Manufacturing of Capsules Requires Formulation Adaptations

//Manufacturing of Capsules Requires Formulation Adaptations

APIs, excipients, capsule materials and production methods should all complement one another in order to prevent difficulties.

Whether a drug formulation exists as a liquid, granule or gel, capsules can serve as a useful oral dosage form. They combine the advantages of tablets, in that they are easy for patients to self-administer, with the flexibility of a wide range of other dosage forms, enabling active pharmaceutical ingredients (APIs) to be delivered under ideal conditions.

Even so, the materials used in capsule manufacturing (typically hard gelatins) place a unique set of constraints on both powder and liquid formulations. In addition, the capsule filling process demands tight quality control and adherence to good manufacturing practices (GMP).

This article summarizes several significant considerations in the manufacturing of capsules, along with potential solutions at each step of the process.

Materials used in capsules place specific requirements on formulations used in capsule manufacturing.

Manufacturing of Capsules Requires Formulation Adaptations

The hard gelatin typically used for capsule shells introduces a number of special considerations into the formulation development process. Most notably, the formulation must not contain any solvents that would react with plasticized gelatin and damage the capsule. Additionally, formulations that include reactive aldehydes may exert a cross-linking effect on the capsule shell, inhibiting its ability to dissolve.

Hygroscopic formulations may absorb excessive moisture from the plasticizer contained in this material, creating brittleness in the capsule as well as physicochemical alterations to the API. Some manufacturers have addressed this challenge by utilizing capsules with a lower content of moisture, through the use of polymers such as hydroxypropyl methylcellulose (HPMC), or through non-hydrous plasticizers.

Both manual and automated filling offer advantages and pose challenges.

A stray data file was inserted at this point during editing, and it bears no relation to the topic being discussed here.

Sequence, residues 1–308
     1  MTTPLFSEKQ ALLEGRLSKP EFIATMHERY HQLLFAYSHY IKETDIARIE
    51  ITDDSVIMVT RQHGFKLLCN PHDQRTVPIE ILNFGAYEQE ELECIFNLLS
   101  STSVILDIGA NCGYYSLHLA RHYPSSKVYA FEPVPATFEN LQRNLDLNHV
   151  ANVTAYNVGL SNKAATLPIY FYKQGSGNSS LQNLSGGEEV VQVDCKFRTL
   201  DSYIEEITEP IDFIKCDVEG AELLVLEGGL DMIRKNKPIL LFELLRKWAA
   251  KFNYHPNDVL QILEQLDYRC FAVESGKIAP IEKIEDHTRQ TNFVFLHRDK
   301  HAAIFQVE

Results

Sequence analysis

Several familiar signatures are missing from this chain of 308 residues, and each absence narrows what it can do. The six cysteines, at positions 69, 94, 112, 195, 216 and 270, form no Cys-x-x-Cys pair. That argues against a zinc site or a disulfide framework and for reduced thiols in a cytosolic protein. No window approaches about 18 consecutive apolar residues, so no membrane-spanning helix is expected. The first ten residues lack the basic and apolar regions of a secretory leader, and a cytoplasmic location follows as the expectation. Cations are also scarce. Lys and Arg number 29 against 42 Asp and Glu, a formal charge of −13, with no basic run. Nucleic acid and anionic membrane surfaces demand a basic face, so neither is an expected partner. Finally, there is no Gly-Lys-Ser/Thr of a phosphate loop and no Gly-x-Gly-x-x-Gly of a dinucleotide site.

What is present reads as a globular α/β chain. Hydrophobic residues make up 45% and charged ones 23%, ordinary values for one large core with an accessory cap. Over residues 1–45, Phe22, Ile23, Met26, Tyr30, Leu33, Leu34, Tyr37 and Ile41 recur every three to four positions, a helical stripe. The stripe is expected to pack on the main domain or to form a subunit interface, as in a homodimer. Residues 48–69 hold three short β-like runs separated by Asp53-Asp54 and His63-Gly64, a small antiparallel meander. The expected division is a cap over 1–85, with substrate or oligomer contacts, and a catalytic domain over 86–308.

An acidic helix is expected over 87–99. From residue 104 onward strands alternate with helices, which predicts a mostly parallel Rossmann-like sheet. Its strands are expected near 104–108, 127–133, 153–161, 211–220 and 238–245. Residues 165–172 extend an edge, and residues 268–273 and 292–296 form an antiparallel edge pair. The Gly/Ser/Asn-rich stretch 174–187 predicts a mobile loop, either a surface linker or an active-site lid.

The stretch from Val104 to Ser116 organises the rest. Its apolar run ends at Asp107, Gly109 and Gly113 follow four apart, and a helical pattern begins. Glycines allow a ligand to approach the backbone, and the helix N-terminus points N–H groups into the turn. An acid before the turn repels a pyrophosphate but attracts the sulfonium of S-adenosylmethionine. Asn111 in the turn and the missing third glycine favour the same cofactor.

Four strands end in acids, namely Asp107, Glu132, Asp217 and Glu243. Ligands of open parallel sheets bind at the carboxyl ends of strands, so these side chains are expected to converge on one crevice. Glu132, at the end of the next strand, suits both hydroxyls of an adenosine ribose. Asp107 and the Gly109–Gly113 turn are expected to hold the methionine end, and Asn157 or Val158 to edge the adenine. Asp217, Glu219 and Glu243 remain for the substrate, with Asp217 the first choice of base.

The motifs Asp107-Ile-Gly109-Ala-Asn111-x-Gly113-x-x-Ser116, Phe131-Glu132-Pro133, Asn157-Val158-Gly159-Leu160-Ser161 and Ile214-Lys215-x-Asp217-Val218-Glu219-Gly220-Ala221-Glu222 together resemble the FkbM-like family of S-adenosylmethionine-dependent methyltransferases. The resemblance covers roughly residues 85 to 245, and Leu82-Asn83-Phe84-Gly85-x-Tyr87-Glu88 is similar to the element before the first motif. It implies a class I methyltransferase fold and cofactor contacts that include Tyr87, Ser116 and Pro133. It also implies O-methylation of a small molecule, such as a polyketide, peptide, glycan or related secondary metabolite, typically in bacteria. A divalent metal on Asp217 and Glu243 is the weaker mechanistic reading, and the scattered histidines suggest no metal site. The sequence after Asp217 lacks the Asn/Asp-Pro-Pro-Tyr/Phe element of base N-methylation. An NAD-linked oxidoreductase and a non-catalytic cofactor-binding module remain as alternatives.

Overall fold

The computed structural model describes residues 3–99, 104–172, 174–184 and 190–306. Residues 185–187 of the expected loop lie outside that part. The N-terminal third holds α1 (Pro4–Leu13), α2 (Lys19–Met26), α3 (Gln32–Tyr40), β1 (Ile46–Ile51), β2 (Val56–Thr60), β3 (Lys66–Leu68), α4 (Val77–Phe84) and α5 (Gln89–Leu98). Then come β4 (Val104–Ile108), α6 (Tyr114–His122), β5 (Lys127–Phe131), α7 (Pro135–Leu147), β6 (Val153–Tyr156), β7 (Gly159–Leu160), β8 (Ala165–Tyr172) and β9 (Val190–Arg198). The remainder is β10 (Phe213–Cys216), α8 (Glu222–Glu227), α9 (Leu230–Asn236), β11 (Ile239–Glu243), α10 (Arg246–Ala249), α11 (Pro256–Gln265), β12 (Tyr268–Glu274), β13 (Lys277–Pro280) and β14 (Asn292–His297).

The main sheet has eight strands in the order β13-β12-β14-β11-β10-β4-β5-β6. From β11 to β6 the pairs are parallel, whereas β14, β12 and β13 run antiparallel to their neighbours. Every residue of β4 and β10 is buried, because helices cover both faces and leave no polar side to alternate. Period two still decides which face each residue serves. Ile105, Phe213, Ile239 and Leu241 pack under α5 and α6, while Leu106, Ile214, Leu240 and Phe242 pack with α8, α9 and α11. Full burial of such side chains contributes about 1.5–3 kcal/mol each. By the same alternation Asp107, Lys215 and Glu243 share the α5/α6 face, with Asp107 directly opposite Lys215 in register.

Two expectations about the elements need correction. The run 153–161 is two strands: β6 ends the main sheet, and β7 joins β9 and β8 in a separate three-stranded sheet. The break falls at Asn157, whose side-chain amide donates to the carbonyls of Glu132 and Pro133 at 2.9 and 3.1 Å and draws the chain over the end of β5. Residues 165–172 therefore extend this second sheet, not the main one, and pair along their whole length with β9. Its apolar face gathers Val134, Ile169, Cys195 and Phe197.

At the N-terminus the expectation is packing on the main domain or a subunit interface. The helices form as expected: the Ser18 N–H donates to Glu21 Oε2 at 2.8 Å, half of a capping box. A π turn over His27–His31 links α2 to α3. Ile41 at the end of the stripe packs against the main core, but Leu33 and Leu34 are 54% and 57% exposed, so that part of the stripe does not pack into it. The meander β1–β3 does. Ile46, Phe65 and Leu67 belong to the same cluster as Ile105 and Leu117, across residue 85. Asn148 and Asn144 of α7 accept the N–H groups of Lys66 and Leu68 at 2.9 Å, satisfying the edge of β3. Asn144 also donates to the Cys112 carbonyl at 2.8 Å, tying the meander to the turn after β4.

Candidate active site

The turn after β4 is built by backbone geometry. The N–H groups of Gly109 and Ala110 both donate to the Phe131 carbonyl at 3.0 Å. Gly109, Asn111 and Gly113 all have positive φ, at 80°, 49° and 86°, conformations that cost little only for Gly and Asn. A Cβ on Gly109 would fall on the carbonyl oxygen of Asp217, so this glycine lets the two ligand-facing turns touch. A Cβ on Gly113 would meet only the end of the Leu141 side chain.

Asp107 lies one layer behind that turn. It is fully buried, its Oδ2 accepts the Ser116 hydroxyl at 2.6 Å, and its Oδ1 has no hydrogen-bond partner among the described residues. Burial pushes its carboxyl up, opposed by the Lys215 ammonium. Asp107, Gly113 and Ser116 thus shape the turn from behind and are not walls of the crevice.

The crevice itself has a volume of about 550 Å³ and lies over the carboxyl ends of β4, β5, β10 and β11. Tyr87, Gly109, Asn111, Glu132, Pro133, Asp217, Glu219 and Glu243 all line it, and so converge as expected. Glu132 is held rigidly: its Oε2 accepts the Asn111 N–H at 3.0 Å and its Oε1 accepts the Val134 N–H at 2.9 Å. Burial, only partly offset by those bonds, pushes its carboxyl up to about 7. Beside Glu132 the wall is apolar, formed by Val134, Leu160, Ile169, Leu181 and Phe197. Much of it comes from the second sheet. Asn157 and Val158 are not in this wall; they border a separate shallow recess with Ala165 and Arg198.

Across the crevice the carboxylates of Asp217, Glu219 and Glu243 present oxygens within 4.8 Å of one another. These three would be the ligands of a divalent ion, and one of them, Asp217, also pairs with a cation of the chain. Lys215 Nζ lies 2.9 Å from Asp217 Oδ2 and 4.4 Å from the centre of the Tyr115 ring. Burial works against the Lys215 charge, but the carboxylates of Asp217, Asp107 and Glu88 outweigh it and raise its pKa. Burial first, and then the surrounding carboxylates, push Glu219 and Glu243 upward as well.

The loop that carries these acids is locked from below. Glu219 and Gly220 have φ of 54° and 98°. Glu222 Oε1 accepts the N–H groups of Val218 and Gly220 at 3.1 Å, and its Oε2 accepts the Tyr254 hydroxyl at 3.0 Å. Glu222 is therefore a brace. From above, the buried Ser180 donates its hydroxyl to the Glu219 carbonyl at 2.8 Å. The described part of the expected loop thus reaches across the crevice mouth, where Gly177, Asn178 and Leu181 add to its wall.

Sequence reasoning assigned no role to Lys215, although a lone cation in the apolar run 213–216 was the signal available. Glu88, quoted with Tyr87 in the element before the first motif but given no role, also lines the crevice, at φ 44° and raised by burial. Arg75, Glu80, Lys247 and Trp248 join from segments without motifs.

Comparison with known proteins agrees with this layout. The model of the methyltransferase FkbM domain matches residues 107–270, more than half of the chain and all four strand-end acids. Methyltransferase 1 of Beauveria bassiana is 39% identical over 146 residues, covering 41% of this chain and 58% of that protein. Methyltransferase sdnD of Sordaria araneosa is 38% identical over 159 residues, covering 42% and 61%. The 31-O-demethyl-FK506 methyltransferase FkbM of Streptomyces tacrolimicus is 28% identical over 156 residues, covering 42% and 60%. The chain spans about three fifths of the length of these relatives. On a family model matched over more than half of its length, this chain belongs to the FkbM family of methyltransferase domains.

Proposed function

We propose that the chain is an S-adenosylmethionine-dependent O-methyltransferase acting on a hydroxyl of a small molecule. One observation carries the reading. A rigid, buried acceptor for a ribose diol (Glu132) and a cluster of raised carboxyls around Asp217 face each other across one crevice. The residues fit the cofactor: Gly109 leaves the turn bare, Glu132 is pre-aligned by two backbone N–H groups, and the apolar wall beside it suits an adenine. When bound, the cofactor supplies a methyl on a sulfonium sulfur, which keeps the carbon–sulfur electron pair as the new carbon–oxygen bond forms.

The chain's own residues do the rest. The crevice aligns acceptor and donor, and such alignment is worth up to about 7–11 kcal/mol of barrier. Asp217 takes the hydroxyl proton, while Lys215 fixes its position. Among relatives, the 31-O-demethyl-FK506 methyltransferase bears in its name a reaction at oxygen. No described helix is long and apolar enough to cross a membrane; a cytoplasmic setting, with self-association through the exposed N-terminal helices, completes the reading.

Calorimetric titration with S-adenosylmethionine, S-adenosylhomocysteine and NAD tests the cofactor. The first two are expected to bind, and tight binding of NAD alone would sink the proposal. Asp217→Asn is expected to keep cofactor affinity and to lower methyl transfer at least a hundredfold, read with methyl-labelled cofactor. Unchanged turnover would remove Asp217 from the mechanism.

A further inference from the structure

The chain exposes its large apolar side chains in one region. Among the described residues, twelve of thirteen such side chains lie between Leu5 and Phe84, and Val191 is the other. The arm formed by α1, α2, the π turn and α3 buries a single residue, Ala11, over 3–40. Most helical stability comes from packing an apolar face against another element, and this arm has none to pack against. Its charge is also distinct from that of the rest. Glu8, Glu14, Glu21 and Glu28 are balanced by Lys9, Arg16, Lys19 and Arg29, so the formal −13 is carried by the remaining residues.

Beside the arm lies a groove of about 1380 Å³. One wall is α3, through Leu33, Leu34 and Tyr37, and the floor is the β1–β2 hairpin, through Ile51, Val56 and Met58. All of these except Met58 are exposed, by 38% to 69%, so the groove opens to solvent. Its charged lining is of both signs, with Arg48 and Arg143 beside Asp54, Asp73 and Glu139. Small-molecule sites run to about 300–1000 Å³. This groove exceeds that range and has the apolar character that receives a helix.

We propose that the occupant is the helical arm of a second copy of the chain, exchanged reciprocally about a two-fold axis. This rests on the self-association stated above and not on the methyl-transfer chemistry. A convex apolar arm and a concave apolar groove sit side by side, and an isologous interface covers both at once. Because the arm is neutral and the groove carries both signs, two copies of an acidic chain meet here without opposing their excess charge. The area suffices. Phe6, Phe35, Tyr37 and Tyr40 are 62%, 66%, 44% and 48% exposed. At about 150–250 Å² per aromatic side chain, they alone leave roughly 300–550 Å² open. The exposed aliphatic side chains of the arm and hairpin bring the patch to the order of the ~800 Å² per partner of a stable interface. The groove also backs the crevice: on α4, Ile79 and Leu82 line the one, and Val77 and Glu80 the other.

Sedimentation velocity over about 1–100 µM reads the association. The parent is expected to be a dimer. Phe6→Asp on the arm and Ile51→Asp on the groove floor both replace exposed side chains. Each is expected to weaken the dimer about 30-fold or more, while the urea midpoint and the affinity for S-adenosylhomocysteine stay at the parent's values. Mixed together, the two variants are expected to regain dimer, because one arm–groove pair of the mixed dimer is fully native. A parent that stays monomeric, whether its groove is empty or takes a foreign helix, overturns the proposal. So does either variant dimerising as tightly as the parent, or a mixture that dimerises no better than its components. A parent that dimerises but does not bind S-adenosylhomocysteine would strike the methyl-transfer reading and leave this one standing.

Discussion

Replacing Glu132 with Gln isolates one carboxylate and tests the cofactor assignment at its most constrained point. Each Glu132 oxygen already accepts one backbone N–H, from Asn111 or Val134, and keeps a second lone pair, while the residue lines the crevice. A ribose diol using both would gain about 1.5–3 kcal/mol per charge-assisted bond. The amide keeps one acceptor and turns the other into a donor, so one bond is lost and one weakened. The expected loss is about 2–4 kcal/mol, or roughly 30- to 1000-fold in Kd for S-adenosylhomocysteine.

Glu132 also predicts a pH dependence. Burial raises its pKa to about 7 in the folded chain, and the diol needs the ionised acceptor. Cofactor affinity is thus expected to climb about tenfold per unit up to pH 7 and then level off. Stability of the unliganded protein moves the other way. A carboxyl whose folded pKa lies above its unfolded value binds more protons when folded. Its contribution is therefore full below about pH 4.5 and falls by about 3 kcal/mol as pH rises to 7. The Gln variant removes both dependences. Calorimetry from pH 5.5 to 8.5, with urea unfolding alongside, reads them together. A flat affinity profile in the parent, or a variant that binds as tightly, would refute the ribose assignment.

Once a manufacturer has developed an appropriate combination of formulation and capsule shell material, the next step is to choose between an automated filling process, or a manual one. The key advantages of an automated filling process are speed and consistency: the daily output of an automatic capsule filling machine can far exceed that of most laboratory staff. However, this approach does require a significant up-front equipment investment, along with periodic downtime to clean and adjust batches.

While manual filling consumes more time and requires more staff, the initial costs are far lower. In addition, laboratory staff can recover and encapsulate all powder in each batch, eliminating product loss due to dead volume. Experienced lab techs can also adapt to alterations in the density or weight of the API, since they fill the entire body of each capsule, rather than simply filling to a set weight.

Consistency, uniformity and flow are all essential features of a capsule manufacturing pipeline.

Manufacturing of Capsules Requires Formulation Adaptations

Whether the manufacturing process is manual or automatic, the pipeline should be designed to ensure a consistent density across batches, as well as a consistent flow over time. The precise steps needed to ensure consistency, uniformity and flow will vary depending on the nature of the formulation.

Powder formulations, for example, can vary widely in weight, requiring tighter controls at the end of the filling step. Liquid formulations, by contrast, may splash out of the capsules during filling, requiring slower machine speeds or longer pump times. Temperature fluctuations can also alter the densities and weights of many formulations, requiring environmental control of the filling environment.

From the selection of API and excipients, to the choice of capsule plasticizers, to the design of an automatic or manual production pipeline, capsule manufacturing requires careful attention to the interrelationships between materials and methods. A poorly planned set of excipients may damage the capsules, while a rushed manufacturing pipeline can result in significant loss of product.

However, Pharma developers who align all these elements in tandem, as early in the development process as possible, will achieve savings in time and cost throughout the manufacturing stage of the tablet creation process.

By |2018-11-09T14:56:37+00:00November 9th, 2018|Formulation Development & Clinical Trial Materials|

About the Author:

Ray Peck